I was in my teens when I bought this seminal piece. It's another Belgian creation, one from master bladesmith Jean Tanazacq who has chosen a boar as his logo. You wouldn't want to mess with the man or question his skills: full tang blades, compressed leather handles and brass for the hilt and pommel. It's delicious, heirloom-quality protection for those who understand why knife-fighting is learned not first, but last. Cue "Leon".
While gentlemen require robes, scoundrels have a somewhat different perspective: dress completely and properly or wear your birthday suit. Perhaps that's why this robe — a lovely wedding gift — remains as intact as the day it was received. Shame, really: looks quite comfortable.
Coffee table books are akin to fake graduation diplomas and honorific degrees: intellectual and cultural padding. However, these two display both the depth of my own religious ignorance and my family's delicate, subliminal messaging about where they would like me to spend my time. And what to ride while doing so. Bless them.
As a lover of words, and former editor/journalist, I can think of nothing more entertaining than trying to figure out how to use a circa 1920s German typewriter. Beats the hell out of me, and everyone else I present it to. Still, what a piece of history, eh?
7. Somewhere to park and somewhere to hide
The above is a lovely Chesterfield office chair, which has had its leather replaced with one that matched the original colour. I blame, literally, my parents backsides for that. It's beautifully built — having lasted over 125 years — incredibly comfortable and sits in the above-mentioned man cave. So I can look over the vast dominion my wife has confined me to, given my banishment from the rest of the residence.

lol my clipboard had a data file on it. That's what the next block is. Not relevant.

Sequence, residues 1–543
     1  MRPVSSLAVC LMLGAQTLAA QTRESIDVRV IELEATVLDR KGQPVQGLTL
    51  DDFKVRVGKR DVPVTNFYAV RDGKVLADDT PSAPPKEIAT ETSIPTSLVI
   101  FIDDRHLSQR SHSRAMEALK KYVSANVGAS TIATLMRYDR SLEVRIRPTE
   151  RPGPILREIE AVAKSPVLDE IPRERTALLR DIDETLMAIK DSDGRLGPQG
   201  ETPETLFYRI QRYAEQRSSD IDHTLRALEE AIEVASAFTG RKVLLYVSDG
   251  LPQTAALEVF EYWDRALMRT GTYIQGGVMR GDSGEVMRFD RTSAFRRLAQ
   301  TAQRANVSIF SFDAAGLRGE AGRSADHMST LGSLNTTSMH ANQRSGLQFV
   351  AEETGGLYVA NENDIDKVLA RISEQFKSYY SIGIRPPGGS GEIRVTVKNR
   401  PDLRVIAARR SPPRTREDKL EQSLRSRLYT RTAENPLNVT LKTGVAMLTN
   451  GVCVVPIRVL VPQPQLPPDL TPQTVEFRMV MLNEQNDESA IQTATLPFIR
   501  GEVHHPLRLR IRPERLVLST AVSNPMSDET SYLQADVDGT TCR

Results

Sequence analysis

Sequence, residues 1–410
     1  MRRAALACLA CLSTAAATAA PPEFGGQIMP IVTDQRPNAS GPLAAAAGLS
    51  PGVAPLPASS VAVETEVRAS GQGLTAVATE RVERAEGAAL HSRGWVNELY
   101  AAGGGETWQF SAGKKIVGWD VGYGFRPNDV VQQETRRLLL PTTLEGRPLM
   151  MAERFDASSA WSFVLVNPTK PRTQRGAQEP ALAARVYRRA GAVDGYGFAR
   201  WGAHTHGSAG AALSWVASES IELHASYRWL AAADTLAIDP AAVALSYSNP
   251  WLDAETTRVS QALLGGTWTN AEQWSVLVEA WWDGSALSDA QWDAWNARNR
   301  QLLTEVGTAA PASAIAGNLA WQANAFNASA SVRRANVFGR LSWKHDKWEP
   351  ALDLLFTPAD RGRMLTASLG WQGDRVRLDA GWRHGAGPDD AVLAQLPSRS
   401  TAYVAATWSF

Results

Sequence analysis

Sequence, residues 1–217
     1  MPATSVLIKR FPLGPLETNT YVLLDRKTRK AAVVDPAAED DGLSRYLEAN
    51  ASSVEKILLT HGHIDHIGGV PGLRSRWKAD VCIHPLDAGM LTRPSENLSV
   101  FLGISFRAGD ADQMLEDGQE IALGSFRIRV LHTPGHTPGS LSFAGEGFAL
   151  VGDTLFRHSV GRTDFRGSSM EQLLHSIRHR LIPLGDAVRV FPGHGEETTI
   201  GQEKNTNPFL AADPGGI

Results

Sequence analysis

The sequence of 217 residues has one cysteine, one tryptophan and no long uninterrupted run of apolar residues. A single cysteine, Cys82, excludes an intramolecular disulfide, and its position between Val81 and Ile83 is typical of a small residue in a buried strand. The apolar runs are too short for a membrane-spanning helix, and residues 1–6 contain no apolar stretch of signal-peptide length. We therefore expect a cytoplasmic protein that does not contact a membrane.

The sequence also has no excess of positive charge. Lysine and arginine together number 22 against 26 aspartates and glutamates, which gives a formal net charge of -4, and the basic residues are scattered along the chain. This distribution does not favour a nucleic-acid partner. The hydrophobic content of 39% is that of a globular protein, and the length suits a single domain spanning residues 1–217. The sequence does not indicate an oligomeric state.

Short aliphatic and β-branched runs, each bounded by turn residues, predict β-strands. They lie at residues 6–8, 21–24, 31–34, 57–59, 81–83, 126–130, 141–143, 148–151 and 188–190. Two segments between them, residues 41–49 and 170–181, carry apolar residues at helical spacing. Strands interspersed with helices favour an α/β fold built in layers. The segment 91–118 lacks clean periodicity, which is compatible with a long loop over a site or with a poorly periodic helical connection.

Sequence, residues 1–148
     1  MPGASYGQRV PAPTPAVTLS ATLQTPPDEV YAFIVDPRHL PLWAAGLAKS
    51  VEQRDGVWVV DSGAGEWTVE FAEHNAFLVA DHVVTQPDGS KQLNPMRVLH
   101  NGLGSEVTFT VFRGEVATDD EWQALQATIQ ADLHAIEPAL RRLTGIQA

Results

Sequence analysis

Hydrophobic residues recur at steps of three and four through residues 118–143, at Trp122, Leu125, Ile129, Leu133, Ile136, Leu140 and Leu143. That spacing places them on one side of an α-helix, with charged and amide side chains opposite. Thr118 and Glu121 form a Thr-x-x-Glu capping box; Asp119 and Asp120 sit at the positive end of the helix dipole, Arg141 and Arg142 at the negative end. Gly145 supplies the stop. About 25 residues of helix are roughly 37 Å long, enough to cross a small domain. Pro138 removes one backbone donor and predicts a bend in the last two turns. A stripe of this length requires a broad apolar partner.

What's below? Somewhere to hide. Cause we all, like, need to from time to time.
8. A ride
Given my car obsession has been festering and fermenting for almost four decades, what you see here is the culmination of all the wisdom, experience, tears, laughter and sheer thrills that passion has bestowed upon me: the Lotus 2-Eleven. It also has no roof, no doors, no interior and my wife cried when she found out she owned it thanks to a complicated offshore transaction my lawyers have forbade me to divulge further information on.
Well, a good decanter is always a sign of good taste and red noses. This number is a family heirloom that sees regular action, although it was only recently discovered — thanks to some silver polish and elbow grease — that it came from the House of Christian Dior. Always in heavy rotation, empty far too soon.
Inevitably, the scoundrel reaches the ultimate depth and/or greatest height, and in that quiet and lonely place, the scoundrel actually expects to find an answer to the ultimate question: why? You long for a supreme being to whisper the answer in your ringing ear and be off with a skip and a jump. No such luck, folks. For some, religion marks an end point, answers to all questions etc. For others, it's simply another door to open, walk through, nose around and leave. My kids put the menorah on the dining room table because it looked 'nice'. That's a start, isn't it?